The 2019 World Athletics Championships have been bouncing between positive and negative headlines at the rate of an Olympic table-tennis match.
One minute we're celebrating heroes like Dina Asher-Smith and Mutaz Essa Barshim and the next we're reminded of the blistering heat and shadowy doping allegations.
And in part three of Michelle Griffith-Robinson's analysis for GIVEMESPORT, we honed in on all the controversies surrounding the competition as well as the positives that have shone through it.
From the empty seats that blighted last weekend; the doubts surrounding Qatar's suitability and the untimely news of Alberto Salazar's ban, we haven't ducked nor dove from some of the biggest talking points.
However, Griffith-Robinson isn't alone in thinking that the athletics has triumphed over it all and that Doha 2019 will be remembered for the competitors themselves, not the circus that follows them.
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How have you found Doha 2019 in general?
Michelle: It's been a world stage where there's been some wonderful performances. We've had some notable world records as well with Dalilah Muhammad and from a British perspective, there were two national records from Dina Asher-Smith and one from Katarina Johnson-Thompson. We had Barshim come over, who suffered a really bad injury earlier on and come through surgery to perform on the world stage. It's been an incredible championships so far.
What did you think of the decision to name Doha as hosts?
Michelle: Yes, everyone was skeptical, but we have to go back to the history and Qatar isn't really a nation that's into sport so to speak. It's certainly not into athletics. Last weekend was very desperate, there was a lot of negative thoughts about it all and it's a shame for Dina. But like I've always tried to say, let's try not to focus on the negatives, let's focus on the positives.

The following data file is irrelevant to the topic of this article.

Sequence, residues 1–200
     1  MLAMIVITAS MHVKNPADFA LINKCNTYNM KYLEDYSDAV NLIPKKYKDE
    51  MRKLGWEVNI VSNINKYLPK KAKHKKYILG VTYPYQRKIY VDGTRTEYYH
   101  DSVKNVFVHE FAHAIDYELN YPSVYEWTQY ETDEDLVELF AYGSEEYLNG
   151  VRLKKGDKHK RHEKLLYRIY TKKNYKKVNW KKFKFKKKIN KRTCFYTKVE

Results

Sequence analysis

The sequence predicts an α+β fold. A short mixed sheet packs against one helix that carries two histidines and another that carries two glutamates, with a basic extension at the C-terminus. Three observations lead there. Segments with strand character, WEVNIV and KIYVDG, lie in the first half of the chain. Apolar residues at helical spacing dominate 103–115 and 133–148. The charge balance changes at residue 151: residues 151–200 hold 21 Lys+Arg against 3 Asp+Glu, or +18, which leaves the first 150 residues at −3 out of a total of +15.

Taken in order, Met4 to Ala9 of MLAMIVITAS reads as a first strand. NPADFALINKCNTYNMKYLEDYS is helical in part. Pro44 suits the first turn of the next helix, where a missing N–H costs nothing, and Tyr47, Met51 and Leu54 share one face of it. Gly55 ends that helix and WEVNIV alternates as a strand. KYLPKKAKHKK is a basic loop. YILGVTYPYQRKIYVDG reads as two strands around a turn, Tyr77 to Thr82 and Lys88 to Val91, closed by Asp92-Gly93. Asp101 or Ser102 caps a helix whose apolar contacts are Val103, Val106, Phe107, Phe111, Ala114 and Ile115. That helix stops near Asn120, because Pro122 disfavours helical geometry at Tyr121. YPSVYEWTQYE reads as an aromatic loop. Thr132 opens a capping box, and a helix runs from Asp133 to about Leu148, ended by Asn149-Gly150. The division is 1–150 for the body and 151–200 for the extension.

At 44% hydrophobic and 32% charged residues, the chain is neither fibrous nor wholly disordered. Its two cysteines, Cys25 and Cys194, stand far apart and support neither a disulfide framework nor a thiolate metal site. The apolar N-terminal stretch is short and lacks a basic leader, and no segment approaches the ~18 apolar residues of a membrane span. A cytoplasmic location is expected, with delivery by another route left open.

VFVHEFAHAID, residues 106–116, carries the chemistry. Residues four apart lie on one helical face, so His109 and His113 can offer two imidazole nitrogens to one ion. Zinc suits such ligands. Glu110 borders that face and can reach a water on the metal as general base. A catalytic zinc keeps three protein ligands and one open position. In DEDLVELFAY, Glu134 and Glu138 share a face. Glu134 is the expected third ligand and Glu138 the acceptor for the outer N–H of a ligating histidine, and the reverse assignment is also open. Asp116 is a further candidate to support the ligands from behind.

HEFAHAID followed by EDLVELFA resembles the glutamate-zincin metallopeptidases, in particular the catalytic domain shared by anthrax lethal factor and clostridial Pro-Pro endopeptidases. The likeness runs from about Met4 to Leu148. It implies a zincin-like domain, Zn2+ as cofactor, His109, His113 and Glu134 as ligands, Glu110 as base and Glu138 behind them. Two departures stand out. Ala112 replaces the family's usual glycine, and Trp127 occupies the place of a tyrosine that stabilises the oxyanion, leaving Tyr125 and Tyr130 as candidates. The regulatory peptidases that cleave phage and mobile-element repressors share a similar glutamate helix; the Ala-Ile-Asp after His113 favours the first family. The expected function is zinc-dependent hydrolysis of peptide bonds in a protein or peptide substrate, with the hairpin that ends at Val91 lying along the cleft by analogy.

We've seen an amazing competition. It didn't matter how many people were in the stands for Dina, because as far as Dina is concerned, she came here ready to perform. Yes, it would have been nice for there to be tens of thousands of people there, but that's life and she came and did the job.
Friday was going to be different because they had the homegrown Barshim coming to compete, who the Qataris love, and they also like middle-distance events which we've noticed as well. Would we do things differently? Of course we would do things differently, but hindsight is a great thing.
Is it actually a positive that some local Qataris have been admitted for free?
Michelle: Absolutely, yes. It's good to encourage young people and the legacy that leaves from all of these championships, whether that's here or Eugene in two years time, is to keep inspiring people to do sport and keep active. So, if you have to give out some tickets for free, especially in a country like this, then it's great and it could whet the appetite of some of the young people coming through to try athletics. In that respects, it's definitely a positive and not a negative.
How untimely was the news of Alberto Salazar's ban?
Michelle: I've tried to stay away from that. I know a little bit about it, but not enough to really make a comment. I've only heard it mentioned once, which is a good thing and I've been sat in the stands with lots of people. For people that come and love athletics, I don't think that's really been a big issue and a big talking point.
I think we should leave those topics that are out of our control until after the athletics. It's not for us to deal with, it's for the IAAF to deal with and the respective governing bodies. It's not for myself or the general public, who simply love athletics.
How important is it for athletics to have so many big personalties?
Michelle: It's great. It keeps regenerating some superstars and let's keep that going. You see Karsten Warholm and you see Salwa Eid Naser the other day, we want to see these stars coming through! We want to give hope. There's not going to be the 'Next Usain Bolt', because Usain Bolt was a massive talent and a massive personality, but it's good see - in other events too - people coming through and creating a scene of positivity in athletics.
And what was your reaction to Dalilah Muhammad's world record?
Michelle: She came again and broke her own world record that was previously set in July. Just think to yourself: we saw another top performance, a world record from herself, and Sydney McLaughlin came as well and nearly broke the previous world record. It's brilliant, it's been brilliant. It's been something that I could only have imagined of coming to and seeing.News Now - Sport News